Do You Still Remember “The Good Ole Days”?

Do You Still Remember “The Good Ole Days”? February 28, 2017

Photo courtesy of Pixabay
Photo courtesy of Pixabay

“The Good Ole Days”

Do you remember the good ole days when you were poor and powerless, but you knew you belonged to a religion that was “the one, true Church”? Wasn’t that really comforting? Didn’t it make up for the fact that you lived in this “vale of tears”, because not only were you guaranteed heaven in the afterlife, but you had the added satisfaction, in this life, of knowing that you were one of the chosen ones? Didn’t those twin beliefs make any vicissitude bearable?

You followed an infallible leader who, himself, was a “prisoner in the Vatican”, surrounded by hostile, secular and atheistic regimes, but piously suffering these indignities as he communed daily with God and channeled infallible teachings from Jesus to his scattered, global flock in a series of inspired encyclicals. You had simple, black and white guidelines (the ten commandments of Moses, the six commandments of the Church and the provisions of the Code of Canon Law). Basically, all you had to do was avoid sex, abstain from eating sausages on Fridays and go to mass on Sundays.

If you kept all of these, you were guaranteed heaven. You could even claim a spot ahead of time by doing the “nine first Fridays” (confess your sins, receive Holy Communion, and pray for the pope’s intentions on the first Fridays of nine consecutive months.) Even if you subsequently led a life dedicated to debauchery, when you met Peter at the pearly gates, you could give him a wink and a nod and say, “dude, check the records, I have a reserved seat!”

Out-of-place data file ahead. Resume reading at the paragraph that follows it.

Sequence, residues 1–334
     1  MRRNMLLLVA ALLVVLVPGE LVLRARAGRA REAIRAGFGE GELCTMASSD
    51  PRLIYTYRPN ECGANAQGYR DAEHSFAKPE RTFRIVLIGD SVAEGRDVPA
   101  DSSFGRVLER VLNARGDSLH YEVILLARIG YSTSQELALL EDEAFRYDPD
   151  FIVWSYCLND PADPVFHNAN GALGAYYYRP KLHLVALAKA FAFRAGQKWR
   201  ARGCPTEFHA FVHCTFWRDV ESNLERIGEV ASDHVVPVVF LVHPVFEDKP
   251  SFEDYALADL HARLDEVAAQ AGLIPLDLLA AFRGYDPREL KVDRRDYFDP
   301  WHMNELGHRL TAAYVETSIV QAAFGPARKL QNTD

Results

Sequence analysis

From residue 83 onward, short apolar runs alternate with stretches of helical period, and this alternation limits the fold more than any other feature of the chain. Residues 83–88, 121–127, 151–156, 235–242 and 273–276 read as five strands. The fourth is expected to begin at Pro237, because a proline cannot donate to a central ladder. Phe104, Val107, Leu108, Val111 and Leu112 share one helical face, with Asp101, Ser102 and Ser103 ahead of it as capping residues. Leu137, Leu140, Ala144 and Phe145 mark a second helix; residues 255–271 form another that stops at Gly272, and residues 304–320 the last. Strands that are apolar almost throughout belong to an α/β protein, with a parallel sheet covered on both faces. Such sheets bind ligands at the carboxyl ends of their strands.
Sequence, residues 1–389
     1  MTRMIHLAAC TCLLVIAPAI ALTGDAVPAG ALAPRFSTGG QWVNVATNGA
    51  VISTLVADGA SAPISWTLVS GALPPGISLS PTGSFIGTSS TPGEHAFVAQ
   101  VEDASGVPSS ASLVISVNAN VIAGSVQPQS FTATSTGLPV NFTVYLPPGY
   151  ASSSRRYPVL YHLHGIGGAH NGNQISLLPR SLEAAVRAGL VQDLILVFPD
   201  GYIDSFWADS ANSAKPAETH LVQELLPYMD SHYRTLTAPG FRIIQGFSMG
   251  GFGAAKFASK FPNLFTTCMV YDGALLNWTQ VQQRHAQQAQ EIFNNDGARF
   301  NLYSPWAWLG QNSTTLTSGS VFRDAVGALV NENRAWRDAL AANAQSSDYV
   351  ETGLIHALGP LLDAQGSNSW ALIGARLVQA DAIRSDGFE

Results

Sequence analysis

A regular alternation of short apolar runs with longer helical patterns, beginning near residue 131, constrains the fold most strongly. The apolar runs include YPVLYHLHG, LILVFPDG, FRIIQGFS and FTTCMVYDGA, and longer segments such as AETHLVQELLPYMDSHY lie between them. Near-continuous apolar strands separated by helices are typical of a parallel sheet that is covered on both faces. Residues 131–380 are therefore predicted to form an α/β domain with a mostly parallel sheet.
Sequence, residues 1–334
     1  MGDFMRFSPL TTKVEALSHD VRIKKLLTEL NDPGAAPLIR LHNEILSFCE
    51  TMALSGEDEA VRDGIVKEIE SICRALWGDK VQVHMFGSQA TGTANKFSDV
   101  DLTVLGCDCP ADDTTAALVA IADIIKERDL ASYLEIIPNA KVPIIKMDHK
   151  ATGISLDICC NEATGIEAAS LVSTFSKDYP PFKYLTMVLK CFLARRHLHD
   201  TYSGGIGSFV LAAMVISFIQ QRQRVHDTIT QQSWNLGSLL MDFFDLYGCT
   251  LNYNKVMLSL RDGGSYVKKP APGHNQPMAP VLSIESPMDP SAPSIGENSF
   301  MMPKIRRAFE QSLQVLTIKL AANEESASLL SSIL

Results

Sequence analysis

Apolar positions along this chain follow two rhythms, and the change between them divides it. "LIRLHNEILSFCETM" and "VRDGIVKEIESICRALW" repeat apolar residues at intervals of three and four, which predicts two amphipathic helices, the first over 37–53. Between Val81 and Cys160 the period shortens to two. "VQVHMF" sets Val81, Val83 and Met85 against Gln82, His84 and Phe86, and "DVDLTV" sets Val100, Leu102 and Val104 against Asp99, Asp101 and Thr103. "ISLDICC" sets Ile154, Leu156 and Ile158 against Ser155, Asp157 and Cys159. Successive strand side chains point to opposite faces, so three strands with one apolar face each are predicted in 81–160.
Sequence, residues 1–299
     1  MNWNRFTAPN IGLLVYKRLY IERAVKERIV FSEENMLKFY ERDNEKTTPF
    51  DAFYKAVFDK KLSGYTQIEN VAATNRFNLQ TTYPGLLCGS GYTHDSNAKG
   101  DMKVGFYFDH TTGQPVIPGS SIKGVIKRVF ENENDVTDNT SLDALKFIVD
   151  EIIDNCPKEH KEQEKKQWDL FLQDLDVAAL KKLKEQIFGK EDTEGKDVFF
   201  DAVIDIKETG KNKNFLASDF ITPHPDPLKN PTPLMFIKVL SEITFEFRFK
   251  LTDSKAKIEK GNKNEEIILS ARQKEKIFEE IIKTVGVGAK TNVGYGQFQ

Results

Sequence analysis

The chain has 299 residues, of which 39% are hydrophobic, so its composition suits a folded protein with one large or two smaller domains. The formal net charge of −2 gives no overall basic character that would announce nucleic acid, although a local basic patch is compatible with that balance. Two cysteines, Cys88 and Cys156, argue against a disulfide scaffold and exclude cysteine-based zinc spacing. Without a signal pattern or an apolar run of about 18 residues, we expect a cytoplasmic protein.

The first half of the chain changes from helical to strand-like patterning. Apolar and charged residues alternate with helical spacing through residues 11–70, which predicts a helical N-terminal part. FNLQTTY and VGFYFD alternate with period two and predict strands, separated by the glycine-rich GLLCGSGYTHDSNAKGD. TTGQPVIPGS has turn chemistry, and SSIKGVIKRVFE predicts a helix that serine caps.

If you didn’t do the nine first Fridays, and were about to die in mortal sin, you could get shriven by a priest, and get out of jail free. If a priest weren’t available, you could say an act of perfect contrition. That way, also, you forced Peter to admit you. Now an act of perfect contrition is a strange bird, because it meant that at the hour of death, after a lifetime of ignoring God, you were genuinely contrite that your sins had offended God. Any hint that your sorrow was merely a fear-based ruse to avoid hell, would void the warranty and you’d be destined instead for auld Nick’s place.

To make things even easier, the church provided us with a catechism. That way you didn’t have to figure out any of the answers; or even any of the questions. (I must confess here that I am guilty of writing a catechism myself, in Swahili, while I lived in Kenya.) No priest, during my childhood, ever encouraged his flock with Socratic questions; and when a priest was stumped by the query of a curious child, there were two classic responses: “It’s a mystery; you’re not supposed to understand it” or “you must have faith.”